Archive for the ‘Hope’ Category

One of the questions I ask people when I travel is “What do you do for Xmas?”

The answers vary DRASTICALLY depending on the person- not necessarily the culture. At first, I thought “well, in Belize they would celebrate it the same way as other Central Americans, right?” WRONG.


I urge you to ask this to others- or! Write a comment below about how you celebrate your holiday.


I’ve heard all sorts of traditions:

-Filipinos start celebrating in November and don’t stop until WAY after the New Year. (Even when there are typhoons).

-In Belize, they walk around singing carols and go to people’s house, drink, eat, and collect more people for the Caroler Choir.

-In France, it’s similar to ours- except for the food they eat- which is goose and fancy cheese and dried fruit.

-In Cape Town- they have a braai (of course) while they bask in the sunshine/warmth of Summer.


Growing up, my holiday was different because we celebrated both Hannnauakuah (I’m Jew-ISH- emphasis on the ISH) and Christmas. I never understood families that have “2 Christmases” with different parts of the family. It always sounded hectic. My family wouldn’t do stockings- we did Hanukah instead. (This had the added benefit of the dogs not eating the stockings!)

The traditions (growing up) are as follows:

  1. Eat a huge ham/turkey dinner on Xmas-eve. With all the trimmings and what-not.
  2. Mom preps her famous “egg bake” (think savory quiche/bread pudding but in a casserole dish). It needs to soak 12-24 hours in advanced.
  3. Xmas-eve was spent (forced) watching “It’s a Wonderful Life” or “Christmas Story”.
    1. (My fathead brother and I never really liked these films. We always wanted to watch something else- but my mom would whine and complain about “tradition”. These days I would be happy watching Hebrew Hammer. But I digress.
  4. Xmas morning would happen and there would be 1 person making coffee, my mom would put her egg-bake into the oven to cook (it would take 1.5 hours), I was in charge of music (I always loaded the CD player with Xmas music for the first CD and then random CDs afterwards (The Star Wars soundtrack was my popular choice-Mom hated this).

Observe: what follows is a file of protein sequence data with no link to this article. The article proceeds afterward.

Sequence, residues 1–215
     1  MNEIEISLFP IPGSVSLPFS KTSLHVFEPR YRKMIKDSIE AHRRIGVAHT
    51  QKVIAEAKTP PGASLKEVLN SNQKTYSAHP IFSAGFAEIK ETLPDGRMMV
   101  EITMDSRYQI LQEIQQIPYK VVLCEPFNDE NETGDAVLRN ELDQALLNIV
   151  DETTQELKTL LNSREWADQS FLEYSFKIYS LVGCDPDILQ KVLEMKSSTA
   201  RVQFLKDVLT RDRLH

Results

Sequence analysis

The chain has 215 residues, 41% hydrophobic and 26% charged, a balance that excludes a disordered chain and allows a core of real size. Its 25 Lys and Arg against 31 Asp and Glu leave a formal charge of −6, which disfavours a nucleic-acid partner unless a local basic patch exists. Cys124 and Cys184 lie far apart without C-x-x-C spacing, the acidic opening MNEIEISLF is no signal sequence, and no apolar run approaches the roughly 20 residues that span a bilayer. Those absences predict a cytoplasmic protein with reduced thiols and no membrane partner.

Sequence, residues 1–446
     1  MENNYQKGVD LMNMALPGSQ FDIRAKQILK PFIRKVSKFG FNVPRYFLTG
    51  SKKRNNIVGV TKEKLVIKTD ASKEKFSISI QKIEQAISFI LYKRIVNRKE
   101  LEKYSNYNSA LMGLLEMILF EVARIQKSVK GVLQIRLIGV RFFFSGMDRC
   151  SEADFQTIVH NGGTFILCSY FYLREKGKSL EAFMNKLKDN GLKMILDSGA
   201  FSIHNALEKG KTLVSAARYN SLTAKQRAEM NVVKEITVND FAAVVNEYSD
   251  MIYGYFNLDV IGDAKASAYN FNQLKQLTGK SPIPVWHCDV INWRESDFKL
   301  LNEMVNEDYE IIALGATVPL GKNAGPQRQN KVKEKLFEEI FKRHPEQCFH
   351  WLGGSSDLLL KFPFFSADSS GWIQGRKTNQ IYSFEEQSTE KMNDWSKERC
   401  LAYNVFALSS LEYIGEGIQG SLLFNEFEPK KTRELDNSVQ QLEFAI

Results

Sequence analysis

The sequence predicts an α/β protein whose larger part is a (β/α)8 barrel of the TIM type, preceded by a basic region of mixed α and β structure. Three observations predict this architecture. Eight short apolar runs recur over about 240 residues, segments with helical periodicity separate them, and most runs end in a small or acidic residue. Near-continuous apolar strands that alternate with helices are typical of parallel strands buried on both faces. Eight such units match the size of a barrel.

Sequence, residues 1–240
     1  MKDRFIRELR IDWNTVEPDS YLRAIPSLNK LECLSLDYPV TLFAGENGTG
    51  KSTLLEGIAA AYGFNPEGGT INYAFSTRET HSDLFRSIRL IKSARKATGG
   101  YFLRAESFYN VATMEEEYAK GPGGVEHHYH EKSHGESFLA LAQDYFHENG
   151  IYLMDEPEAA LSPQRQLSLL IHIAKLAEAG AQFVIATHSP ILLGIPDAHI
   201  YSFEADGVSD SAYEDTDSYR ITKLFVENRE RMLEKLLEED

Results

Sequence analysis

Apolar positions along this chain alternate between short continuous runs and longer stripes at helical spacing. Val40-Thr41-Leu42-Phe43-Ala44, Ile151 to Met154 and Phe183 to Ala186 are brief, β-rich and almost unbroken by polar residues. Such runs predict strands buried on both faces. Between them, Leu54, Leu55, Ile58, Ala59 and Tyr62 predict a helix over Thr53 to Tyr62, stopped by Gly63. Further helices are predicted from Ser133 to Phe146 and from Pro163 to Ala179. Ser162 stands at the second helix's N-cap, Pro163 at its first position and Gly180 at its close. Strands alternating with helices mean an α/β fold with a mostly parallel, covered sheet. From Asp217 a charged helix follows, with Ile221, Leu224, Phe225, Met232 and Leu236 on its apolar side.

5. One person would open a gift at a time so we could “all watch their expression” and bask in the ego trip of purchasing more crap than we could ever know what to do with.

The rest of the day was spent either tinkering with the gifts, playing cards, eating cookies, and/or screaming at each other. This is what I remember, anyway.


These days, I have given up on Xmas. This is my 5th xmas in Seattle and I couldn’t be happier. I make a cup of coffee (sometimes with peppermint extract or nutmeg) and turn off all electronic devices and just sit… in silence. Sometimes I nap. Sometimes I knit. Mostly I just watch the rain.

It’s pretty magical.

My grandmother thinks it’s lonely. My parents think it’s lonely. Everyone thinks it’s lonely. I think it’s heaven on earth and it’s the thing I look forward to the most.


What are your holiday traditions? 


“You used a money belt the whole time, right?”

Back in Ecuador on the Worst Day Ever (See Spidey Sense), I met this Canadian guy named Tony. We kept in touch and decided to meet up in Lima and travel to Cusco and hike Machu Picchu together. Before I leave Ecuador, He warns me about the bus ride down to Lima.

“Blah blah blah. You should wear a money belt! Blah blah blah. The latinos see you as a target and will steal everything from you! Blah blah blah those buses get stopped/robbed all the time. Blah blah blah you should be using a money-belt all the time! You should never take it off! Blah blah blah BE AFRAID!”